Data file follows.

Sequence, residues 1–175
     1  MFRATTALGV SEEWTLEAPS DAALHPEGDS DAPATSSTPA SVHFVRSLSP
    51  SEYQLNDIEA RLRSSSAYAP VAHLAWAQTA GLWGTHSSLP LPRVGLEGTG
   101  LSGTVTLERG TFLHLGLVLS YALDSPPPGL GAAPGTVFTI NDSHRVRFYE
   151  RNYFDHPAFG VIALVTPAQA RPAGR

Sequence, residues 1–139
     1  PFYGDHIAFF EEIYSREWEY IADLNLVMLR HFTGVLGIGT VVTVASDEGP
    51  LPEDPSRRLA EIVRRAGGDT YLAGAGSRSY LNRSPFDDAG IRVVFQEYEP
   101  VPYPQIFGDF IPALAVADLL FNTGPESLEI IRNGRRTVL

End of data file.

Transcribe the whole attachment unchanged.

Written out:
Sequence, residues 1–175
     1  MFRATTALGV SEEWTLEAPS DAALHPEGDS DAPATSSTPA SVHFVRSLSP
    51  SEYQLNDIEA RLRSSSAYAP VAHLAWAQTA GLWGTHSSLP LPRVGLEGTG
   101  LSGTVTLERG TFLHLGLVLS YALDSPPPGL GAAPGTVFTI NDSHRVRFYE
   151  RNYFDHPAFG VIALVTPAQA RPAGR

Sequence, residues 1–139
     1  PFYGDHIAFF EEIYSREWEY IADLNLVMLR HFTGVLGIGT VVTVASDEGP
    51  LPEDPSRRLA EIVRRAGGDT YLAGAGSRSY LNRSPFDDAG IRVVFQEYEP
   101  VPYPQIFGDF IPALAVADLL FNTGPESLEI IRNGRRTVL